Richard used a variety of weapons on his victims including guns, knives, machetes, and tire irons. He mercilessly beat and raped them, stealing their property, but on occasion left survivors.

His crimes were exceptionally brutal. He was a tall man at 6’1” and he once kicked a woman so hard that his shoe sole left an imprint on her face. Another victim had her eyes removed for trying to fight back. If only the gun she pointed at him were loaded. Instead she suffered for her attempt to gain the upper hand on the intruder.

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Of all his siblings, Richard was the closest to, and was protective of, his only sister. It baffles me how he could inflict such pain and torment on women when he loved his sister as much as he did. In the interview portion of the book he explains his thoughts on women and their feelings.

At the time of his death, Ramirez had pending appeals. Although none disputed his guilt, they did take issue with the location of the trial and his legal representation. I agree from reading this book that his attorneys lacked experience, but I believe the end result would have been the same. Perhaps the goal was to get Richard a life sentence rather than the death sentence that he received.

I put off reading The Night Stalker, not because I didn’t find Ramirez interesting, but because I found the length of the book daunting. At nearly 600 pages, it was difficult to put down and well worth the time.

The first half of the book details Ramirez’s back story and crimes. The second half is a detailed account of the trial. This is the point where true crime stories begin to lose their readers. This is not the case with The Night Stalker. His court appearances were anything but boring. Between Ramirez’s outbursts, his attorney’s breakdown, and the characters who appeared to watch the proceedings, every day had the potential to become a circus. One juror found herself in love with the defendant, while another female juror was found murdered during the lengthy trial, making other jurors fearful Ramirez had somehow orchestrated the killing from jail. Security was tightened due to rumors that Richard planned to smuggle a gun into court.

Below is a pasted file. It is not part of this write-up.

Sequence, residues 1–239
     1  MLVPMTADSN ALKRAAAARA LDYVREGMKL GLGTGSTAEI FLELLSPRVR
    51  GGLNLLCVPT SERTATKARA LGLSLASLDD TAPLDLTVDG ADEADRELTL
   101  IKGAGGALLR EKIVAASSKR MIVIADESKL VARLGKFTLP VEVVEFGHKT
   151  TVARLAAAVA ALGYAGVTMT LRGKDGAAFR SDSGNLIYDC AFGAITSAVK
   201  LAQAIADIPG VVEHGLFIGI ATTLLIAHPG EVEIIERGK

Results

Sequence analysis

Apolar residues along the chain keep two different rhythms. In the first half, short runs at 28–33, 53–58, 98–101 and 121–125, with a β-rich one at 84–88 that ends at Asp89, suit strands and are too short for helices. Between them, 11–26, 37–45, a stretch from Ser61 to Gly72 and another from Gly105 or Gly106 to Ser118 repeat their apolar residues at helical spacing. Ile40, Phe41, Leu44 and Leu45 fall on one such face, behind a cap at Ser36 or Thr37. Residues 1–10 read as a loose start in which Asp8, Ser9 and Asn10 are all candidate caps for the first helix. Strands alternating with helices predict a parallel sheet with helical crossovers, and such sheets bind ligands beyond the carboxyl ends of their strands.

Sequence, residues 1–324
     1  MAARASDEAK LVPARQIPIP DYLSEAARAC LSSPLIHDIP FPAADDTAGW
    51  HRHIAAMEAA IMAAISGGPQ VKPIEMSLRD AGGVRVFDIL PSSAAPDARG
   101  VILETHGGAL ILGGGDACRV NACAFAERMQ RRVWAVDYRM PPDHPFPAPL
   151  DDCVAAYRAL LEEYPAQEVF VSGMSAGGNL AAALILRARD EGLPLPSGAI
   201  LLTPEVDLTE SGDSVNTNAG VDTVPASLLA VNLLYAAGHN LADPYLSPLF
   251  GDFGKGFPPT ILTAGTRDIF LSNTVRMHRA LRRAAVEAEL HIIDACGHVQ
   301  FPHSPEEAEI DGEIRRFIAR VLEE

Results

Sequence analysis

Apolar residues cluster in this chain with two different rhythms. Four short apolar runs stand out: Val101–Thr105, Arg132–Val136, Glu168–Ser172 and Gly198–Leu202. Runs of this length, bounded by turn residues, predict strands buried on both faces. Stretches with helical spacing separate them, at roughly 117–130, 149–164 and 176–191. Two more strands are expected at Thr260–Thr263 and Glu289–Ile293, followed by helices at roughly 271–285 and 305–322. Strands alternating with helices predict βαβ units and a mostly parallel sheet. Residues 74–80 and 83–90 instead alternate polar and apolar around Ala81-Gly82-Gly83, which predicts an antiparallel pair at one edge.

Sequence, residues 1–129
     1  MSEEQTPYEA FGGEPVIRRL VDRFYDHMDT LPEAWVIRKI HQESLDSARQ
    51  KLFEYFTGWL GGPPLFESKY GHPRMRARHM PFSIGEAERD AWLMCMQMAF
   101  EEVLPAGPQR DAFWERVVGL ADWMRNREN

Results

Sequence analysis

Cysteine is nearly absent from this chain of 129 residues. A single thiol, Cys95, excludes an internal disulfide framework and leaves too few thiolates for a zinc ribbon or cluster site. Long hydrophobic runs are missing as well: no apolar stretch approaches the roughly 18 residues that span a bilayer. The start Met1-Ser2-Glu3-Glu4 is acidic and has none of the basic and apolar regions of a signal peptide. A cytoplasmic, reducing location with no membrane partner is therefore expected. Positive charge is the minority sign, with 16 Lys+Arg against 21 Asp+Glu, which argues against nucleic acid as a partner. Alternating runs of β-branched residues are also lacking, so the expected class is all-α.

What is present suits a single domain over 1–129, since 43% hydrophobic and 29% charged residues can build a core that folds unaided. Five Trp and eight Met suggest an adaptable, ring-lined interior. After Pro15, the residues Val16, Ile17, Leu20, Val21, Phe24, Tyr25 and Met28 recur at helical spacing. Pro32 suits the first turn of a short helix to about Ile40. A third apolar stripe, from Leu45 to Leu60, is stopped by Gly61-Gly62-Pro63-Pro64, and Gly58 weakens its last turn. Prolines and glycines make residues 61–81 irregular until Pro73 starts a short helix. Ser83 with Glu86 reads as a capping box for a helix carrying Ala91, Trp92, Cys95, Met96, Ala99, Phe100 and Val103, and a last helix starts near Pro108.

The victims’ testimony will break your heart, especially as Ramirez laughs at them. The Night Stalker also touches on the family of the accused, and what they endure during the proceedings. They are also in a way victims of their loved one’s crimes, and my heart went out to them as well.

Ramirez was one of the most violent and brutal men in the history of serial killers. The Night Stalker, like the man himself, was chilling. I found myself checking the security of my own home, and when I got too nervous, I reminded myself that the crimes occurred 3,000 miles away on the opposite coast, and that the perpetrator is dead. Author Philip Carlo didn’t live to see Ramirez die at age 53 on June 7, 2013, of natural causes, as he predeceased the killer by three years. Carlo spent over 100 hours with Ramirez for the writing of this book, and if you read it, be sure your copy includes the added death row interview. See you in Disneyland.

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About Loretta Sisco

Loretta Sisco is a writer who lives for Halloween and calls Salem, Massachusetts The Happiest Place on Earth. When not living a life of near normalcy, she enjoys hockey, horror, hard rock, and heavy metal. She can be found at www.lorettasisco.com and on Twitter at @LorettaSisco.

Posted on June 12, 2015, in books, Loretta Sisco, On..., serial killers and tagged , , , , , , . Bookmark the permalink. Leave a comment.